Topic: Mathematical Modeling of Heart Rhythm Disorders
Meeting dates: December 3-5, 2014
Location: NIMBioS at the University of Tennessee, Knoxville
Alena Talkachova, Biomedical Engineering, Univ. of Minnesota
John Wesley Cain, Mathematics and Computer Science, Univ. of Richmond, Virginia
Xiaopeng Zhao, Mechanical, Aerospace, and Biomedical Engineering, Univ. of Tennessee, Knoxville
Co-sponsored by: Institute of Biomedical Engineering (iBME), Univ. of Tennessee
Objectives: The heart is a complex nonlinear system, whose function involves the interaction between mechanical contractions of cardiac muscles and waves of electrical excitation propagating in the heart. Heartbeats are the result of the nonlinear coupling between these electrical and mechanical functions of the heart. Cardiovascular diseases, which are often associated with heart rhythm disorders, are the leading cause of death in the Western world. A complete understanding of heart rhythm disorders requires a complex system-level approach that incorporates the interaction between electrical, chemical, and mechanical activities of the heart on a variety of biological scales: ion channels to single cells to multi-cellular tissue to organ. Given the difficulty of monitoring and controlling all these factors in the lab, mathematical modeling provides a useful tool for this purpose. The goal of this workshop is to unite researchers from different disciplines – clinicians, mathematicians, physicists, biomedical engineers, and industrial practitioners – in order to better understand the existing mathematical challenges and to explore new directions in modeling of cardiovascular dynamics. As a result of the workshop, we will identify challenges and frontiers in mathematical modeling, statistics and prediction, dynamics and control, stability analysis, as well as data acquisition and analysis for heart rhythm related diseases. We will also foster new interdisciplinary collaborations.
Summary Report. This workshop reviewed models and mechanisms on spatiotemporal dynamics of cardiac arrhythmias, where a particular focus was on onset, prediction, as well as control of cardiac alternans. Alternans is a harbinger of ventricular fibrillation, the leading cause of death in the US. The workshop also reviewed techniques on multiscale nonlinear dynamics analysis of heart rate variability and those on characterization of surface ECG for fibrillation therapy and management. Discussions were organized into three subjects: 1) mathematical modeling of cardiac electrophysiology; 2) control of cardiac arrhythmias; and 3) clinical needs and applications of modeling and analysis tools.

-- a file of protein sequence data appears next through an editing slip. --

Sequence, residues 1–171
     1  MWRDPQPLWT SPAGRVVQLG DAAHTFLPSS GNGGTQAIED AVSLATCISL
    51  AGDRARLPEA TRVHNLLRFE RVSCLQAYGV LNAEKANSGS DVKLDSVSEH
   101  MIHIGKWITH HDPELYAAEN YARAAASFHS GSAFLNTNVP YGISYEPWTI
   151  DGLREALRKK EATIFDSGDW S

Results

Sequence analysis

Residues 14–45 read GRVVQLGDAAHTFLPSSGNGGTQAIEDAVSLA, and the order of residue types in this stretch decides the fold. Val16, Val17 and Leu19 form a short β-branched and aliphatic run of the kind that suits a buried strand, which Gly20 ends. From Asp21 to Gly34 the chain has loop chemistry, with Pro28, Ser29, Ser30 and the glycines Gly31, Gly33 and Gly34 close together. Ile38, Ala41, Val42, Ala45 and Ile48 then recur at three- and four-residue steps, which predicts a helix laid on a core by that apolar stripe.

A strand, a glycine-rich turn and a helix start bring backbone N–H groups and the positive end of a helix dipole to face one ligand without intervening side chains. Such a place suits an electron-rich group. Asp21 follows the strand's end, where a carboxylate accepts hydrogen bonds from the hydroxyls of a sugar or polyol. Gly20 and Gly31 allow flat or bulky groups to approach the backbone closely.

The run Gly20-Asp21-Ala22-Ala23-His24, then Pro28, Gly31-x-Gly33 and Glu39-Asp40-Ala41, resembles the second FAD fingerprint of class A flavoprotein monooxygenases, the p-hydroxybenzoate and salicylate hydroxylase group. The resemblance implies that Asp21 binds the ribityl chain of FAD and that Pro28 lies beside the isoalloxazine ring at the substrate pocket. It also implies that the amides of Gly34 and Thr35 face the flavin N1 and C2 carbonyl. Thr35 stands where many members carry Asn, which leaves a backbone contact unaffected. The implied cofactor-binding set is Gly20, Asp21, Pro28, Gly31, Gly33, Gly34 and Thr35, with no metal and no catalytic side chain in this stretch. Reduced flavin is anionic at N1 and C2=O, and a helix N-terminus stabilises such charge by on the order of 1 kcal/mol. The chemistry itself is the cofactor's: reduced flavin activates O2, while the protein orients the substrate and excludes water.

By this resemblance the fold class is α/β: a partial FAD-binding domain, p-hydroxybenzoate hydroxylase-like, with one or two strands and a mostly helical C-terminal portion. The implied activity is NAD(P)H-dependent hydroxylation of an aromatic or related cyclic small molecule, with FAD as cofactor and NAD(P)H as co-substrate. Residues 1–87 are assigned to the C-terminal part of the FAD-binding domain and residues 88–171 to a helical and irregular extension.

Gao J, Hu J, Liu F, Cao Y. 2015. Multiscale entropy analysis of biological signals: a fundamental bi-scaling law. Frontiers in Computational Neuroscience.[Online]
Garzón A, Grigoriev RO. 2017. Memory effects, transient growth, and wave breakup in a model of paced atrium. Chaos: An Interdisciplinary Journal of Nonlinear Science 27(9): 093917. [Online]
NIMBioS Investigative Workshops focus on broad topics or a set of related topics, summarizing/synthesizing the state of the art and identifying future directions. Workshops have up to 35 participants. Organizers and key invited researchers make up half the participants; the remaining participants are filled through open application from the scientific community. Open applicants selected to attend are notified by NIMBioS within two weeks of the application deadline. Investigative Workshops have the potential for leading to one or more future Working Groups. Individuals with a strong interest in the topic, including post-docs and graduate students, are encouraged to apply. If needed, NIMBioS can provide support (travel, meals, lodging) for Workshop attendees, whether from a non-profit or for-profit organization.
A goal of NIMBioS is to enhance the cadre of researchers capable of interdisciplinary efforts across mathematics and biology. As part of this goal, NIMBioS is committed to promoting diversity in all its activities. Diversity is considered in all its aspects, social and scientific, including gender, ethnicity, scientific field, career stage, geography and type of home institution. Questions regarding diversity issues should be directed to Dr. Ernest Brothers, the NIMBioS Associate Director for Diversity Enhancement (email@example.com). You can read more about our Diversity Plan on our NIMBioS Policies web page. The NIMBioS building is fully handicapped accessible.